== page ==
Jennifer Conn

Jennifer Conn joined WKSU in February 2019 as Akron reporter. 

A Northeast Ohio native, Jennifer has covered Akron news for and Crain’s Akron Business. She was also a member of the inaugural staff of The Devil Strip, and wrote long-form features on Akron’s burgeoning music scene, the city’s punk roots and its historic downtown.

Earlier in her career, Jennifer was a business reporter for Crain Communications’ national trade magazines, covering scrap metal, recycling and municipal incineration for Waste News and the retail tire industry for Tire Business. She also served as regional reporter for Record Publishing’s weekly newspapers.

As a freelance writer, Jennifer has covered numerous industries, including the automotive after-market, cyber security, herbal healing and the environment. Her features have also appeared in literary magazines, including Belt Akron

As a communications professional, Jennifer was vice president of communications at Akron Community Foundation, and  senior communications development officer at the Summa Hospitals Foundation. She also served as senior writer at AKHIA Public Relations and Marketing Communications.

Jennifer also worked as an adjunct professor at Kent State and the University of Akron, teaching newswriting, English composition and English as a Second language.   

She earned a bachelor’s degree in English and a master’s degree in journalism from Kent State University. She is currently working on a post master’s certificate in Teaching English as a Second Language.

She is a Cuyahoga Valley National Park enthusiast, owns two kayaks (one banana yellow, one psychedelic purple)  and served on the board that launched Akron's dog park.

A funding crisis at the Akron Art Museum launched an investigation that has now led to the resignation of Director Mark Masuoka.

In recent months, Masuoka faced allegations of racism, sexism and bullying by museum employees who say he used the pandemic as a way to retaliate against workers who spoke out.

In March, Masuoka announced staff cuts - blaming it on a more than $900,000 shortfall caused by the pandemic.

Despite the global pandemic, the Akron Police Academy has continued training its first class of recruits since 2008. Akron’s academy became a casualty of the Great Recession.

Akron’s recycling program has changed over the past few years, as the value of recycled materials has fluctuated.

Don Drumm is known for his signature aluminum-cast art, from towering totems to palm-sized pieces, many featuring his iconic sun design. Drumm’s art is all over the world, but one sculpture from his early career is on Kent State’s campus. It figures prominently in the May 4 shootings.

Summit County’s next sheriff could be a woman.

Kandy Fatheree won the Democratic primary, garnering 42 percent of the vote. Her opponents were three seasoned law enforcement professionals.

The results of Tuesday's primary will determine whether Stark Parks will have the money it needs to keep the system operational.

If a renewal levy on the ballot passes, Stark Parks will be able to keep open thousands of acres of hiking and biking trails and marinas.

Last November voters defeated a parks levy that include a slight increase over the current levy.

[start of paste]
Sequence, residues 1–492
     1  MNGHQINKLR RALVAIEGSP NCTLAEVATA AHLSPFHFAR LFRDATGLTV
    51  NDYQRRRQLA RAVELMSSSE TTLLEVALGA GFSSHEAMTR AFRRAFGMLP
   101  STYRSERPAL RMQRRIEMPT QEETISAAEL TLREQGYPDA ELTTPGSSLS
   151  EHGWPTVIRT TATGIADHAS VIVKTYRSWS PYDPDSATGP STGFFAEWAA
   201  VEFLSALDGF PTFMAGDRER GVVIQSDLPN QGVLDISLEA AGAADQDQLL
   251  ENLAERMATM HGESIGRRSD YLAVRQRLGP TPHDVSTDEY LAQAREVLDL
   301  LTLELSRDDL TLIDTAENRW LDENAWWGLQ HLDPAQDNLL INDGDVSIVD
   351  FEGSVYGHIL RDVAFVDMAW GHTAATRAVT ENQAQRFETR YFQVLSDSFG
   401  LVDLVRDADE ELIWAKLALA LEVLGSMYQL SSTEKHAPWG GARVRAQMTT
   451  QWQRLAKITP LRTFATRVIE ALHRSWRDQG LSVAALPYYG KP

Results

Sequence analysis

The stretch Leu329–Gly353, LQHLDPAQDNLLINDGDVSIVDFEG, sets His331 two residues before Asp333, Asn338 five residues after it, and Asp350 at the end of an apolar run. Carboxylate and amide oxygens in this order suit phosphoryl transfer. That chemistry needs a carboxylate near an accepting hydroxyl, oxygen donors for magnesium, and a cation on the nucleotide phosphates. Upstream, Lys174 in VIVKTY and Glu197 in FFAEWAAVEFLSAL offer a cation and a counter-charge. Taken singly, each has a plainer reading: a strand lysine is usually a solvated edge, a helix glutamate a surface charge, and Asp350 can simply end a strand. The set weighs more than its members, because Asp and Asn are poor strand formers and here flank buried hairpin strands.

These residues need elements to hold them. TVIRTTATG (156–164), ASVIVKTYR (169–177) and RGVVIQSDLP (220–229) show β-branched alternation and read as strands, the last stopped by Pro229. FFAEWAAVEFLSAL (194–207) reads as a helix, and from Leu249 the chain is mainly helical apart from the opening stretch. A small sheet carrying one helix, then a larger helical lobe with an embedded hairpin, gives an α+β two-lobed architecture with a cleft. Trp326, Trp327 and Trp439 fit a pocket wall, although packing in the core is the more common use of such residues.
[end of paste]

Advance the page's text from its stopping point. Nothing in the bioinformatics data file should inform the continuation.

When we think about frontline responders, we usually think about people who save lives and rush into burning buildings. But in this pandemic, many frontline workers stock shelves and operate cash registers at grocery stores of all sizes.

When word first began spreading that coronavirus was deadly, contagious and close to home, newscasts showed panicky shoppers emptying stores of bread, milk and toilet paper.

But that wasn’t the case everywhere.

Construction crews working on Akron’s Main Street Corridor project have been busy throughout the pandemic, keeping the city’s $31 million project on schedule.

Akron launched the project in 2018 to bring vibrancy back to its central business district and help boost the city’s declining population.

The city of Akron has called eight furloughed employees back to work to create a decontamination team to help protect first responders.

The coronavirus pandemic is unprecedented in our lifetime. As a society, our reactions are mostly based on our emotions – worry about family and friends, fear for our jobs and anxiety over the long-term impact on our community.

But for healthcare workers who are used to dealing in facts, coronavirus is a battle against the unknown.

Summit County agencies are working round the clock to create a quarantine facility for the area’s homeless who must be quarantined.

The homeless quarantine center is being set up in the gymnasium at the Chapel in Akron. Officials hope to open it next week.

Leading the effort is the Continuum of Care, a nonprofit of more than 30 agencies that provides services for the homeless.

In the lead-up to the projected peak of coronavirus cases in Ohio, Akron’s safety forces are preparing. The city established a temporary self-quarantine facility for all its safety workers at the city-owned Balch Street Fitness Center.

City workers, from firefighters and cops to dispatchers and call center workers, can use the gym if they test positive for COVID-19. The facility has sleeping quarters, showers and a kitchen.

Six Summit County entities have joined together to raise and channel much-needed funding into the community.

For the first time in history, people across the country have been directed to stay home.

Schools and daycares have closed. Bars and resturants are shuttered.

Elder care facilities are in lockdown. Businesses have closed their doors to all but the most essential workers.

Groups cannot gather outside homes, and everyone is expected to stay six feet apart.

Akron Community Foundation has issued grants specifically to nonprofits needing assistance as they continue operations admid the pandemic. More grants are already in the works.